Inverse Daily

What’s it cost to “preserve the light of consciousness”?

Plus: A classic American trait is leading to Covid-19 spread.

Lot of different multiracial people headshots portraits in square collage mosaic image. Many hundred...

At the start of last month, I made the very correct and true statement that October is the best month. The glories of November are more muted but no less affecting.

In the part of the world where Inverse Daily is produced, November brings damper days and nights that creep up on you. So here’s wishing you warmth, productivity, and a sturdy umbrella over the next 30 days.

Let’s get into this edition of Inverse Daily. I’m Nick Lucchesi, an editor here. A note about Friday's newsletter: If you believe climate change is a hoax created to increase taxes, please don’t reply asking me to unsubscribe you. You can do that at the bottom of this email.

About that “preserve the light of consciousness” subject line: I’ll give you one guess who said it. Keep reading to find out.

A technical note — We know our consecutive open counter is broken, and we’re trying to fix it. 🚧🚧🚧

This is an adapted version of the Inverse Daily newsletter for Monday, November 1, 2021. Subscribe for free and earn rewards for reading every day in your inbox. ✉️

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A quintessential American trait is responsible for spreading Covid-19 Nick Keppler reports that scientists have discovered links between individualism, feelings of personal invincibility from Covid-19, and public health attitudes that can help spread the disease. Here’s a preview of the story:

Do you worry about getting Covid-19? Some people are worried about their health, and others are more worried about others’ health. But some believe Covid-19 won’t do them harm and who don’t care about the rest, either — and according to a new study, Americans may be particularly susceptible to this idea for one specific reason.

Read the full story.

Go deeper into Covid culture:

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The world's largest radio telescope may find alien robotsPassant Rabie reports that China's FAST radio telescope may be able to hunt for von Neumann probes, theoretical AI-driven alien inventions spreading through the cosmos. Here’s a teaser:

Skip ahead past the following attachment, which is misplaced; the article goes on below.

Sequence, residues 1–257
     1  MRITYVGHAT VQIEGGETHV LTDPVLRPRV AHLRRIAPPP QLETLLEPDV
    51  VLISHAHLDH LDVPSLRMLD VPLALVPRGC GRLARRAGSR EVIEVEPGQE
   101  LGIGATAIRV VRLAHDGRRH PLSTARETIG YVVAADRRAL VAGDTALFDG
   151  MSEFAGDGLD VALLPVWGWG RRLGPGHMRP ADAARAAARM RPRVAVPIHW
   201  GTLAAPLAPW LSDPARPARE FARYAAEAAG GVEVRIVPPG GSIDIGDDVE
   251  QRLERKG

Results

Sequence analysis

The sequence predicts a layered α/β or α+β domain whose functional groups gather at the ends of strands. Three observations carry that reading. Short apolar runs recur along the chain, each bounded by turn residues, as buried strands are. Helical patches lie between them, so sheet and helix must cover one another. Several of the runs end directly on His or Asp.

Zaza Osmanov, a physics professor at the Free University of Tbilisi, Georgia, wants to find mischievous, self-replicating probes built by a hyper-advanced alien civilization.

“The self-replication itself will inevitably lead to the exponential growth of the swarm of probes, making the process of space exploration very efficient,” Osmanov tells Inverse.

But these probes may not be so easy to find as they may be as small as a millimeter floating in the depths of space. Osmanov suggests turning to the world’s largest radio telescope, which has its gigantic eyes set on the cosmos in search of alien life to catch them in action.

Read the full story.

Go deeper into the search for aliens:

Pyrenean Ibex,Capra pyrenaica pyrenaica, Hautes Pyrenees, Midi Pyrenees, France

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Five times scientists revived the living dead Tara Yarlagadda writes that scientists have revived ancient viruses and long-lost plants. Now they plan on bringing long-extinct animals, like the mammoth, back too. Here’s a sample:

From ancient viruses to cloned beings, scientists are reviving entities once considered lost. And while these scientific endeavors aren’t as controversial as Frankenstein’s monster, they’ve still raised a few eyebrows.

Here are five times over the past ten years when scientists brought back the living dead — and one animal that may reemerge in the future.

Read the full story.

Go deeper into animal science:

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Why Elon Musk doesn’t want a billionaire tax Mike Brown writes that Elon Musk may have to pay more taxes as part of a proposed United States budget and Musk’s response. Here’s a preview of the full article:

Musk, right now the world’s richest person with a net worth of $292 billion, would be hit by the new tax. A Twitter post suggests he’s not happy.

“Eventually, they run out of other people’s money and then they come for you,” Musk wrote. The post bears some resemblance to former British prime minister Margaret Thatcher’s famous quote about the problem with socialism.

Read the full story.

Go deeper:

NASA astronaut Jan Davis, mission specialist, in the science module of the Space Shuttle Endeavour in September 1992. Davis marks a birthday today.

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  • About the newsletter: Do you think it can be improved? Have a story idea? Want to share a story about the time you met an astronaut? Send those thoughts and more to
  • Birthdays: Apple CEO Tim Cook turns 61, Red Hot Chili Peppers singer Anthony Kiedis turns 59, science fiction author Susana Clarke turns 62, and Jan Davis, a former NASA astronaut (pictured above), turns 68.
  • Song of the Day: Mr. November” by The National.
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